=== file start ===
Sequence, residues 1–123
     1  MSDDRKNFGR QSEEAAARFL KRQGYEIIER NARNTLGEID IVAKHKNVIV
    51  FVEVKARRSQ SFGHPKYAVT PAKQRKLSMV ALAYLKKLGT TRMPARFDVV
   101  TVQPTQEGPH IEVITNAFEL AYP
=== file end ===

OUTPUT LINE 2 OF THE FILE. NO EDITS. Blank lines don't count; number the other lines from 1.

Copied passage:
     1  MSDDRKNFGR QSEEAAARFL KRQGYEIIER NARNTLGEID IVAKHKNVIV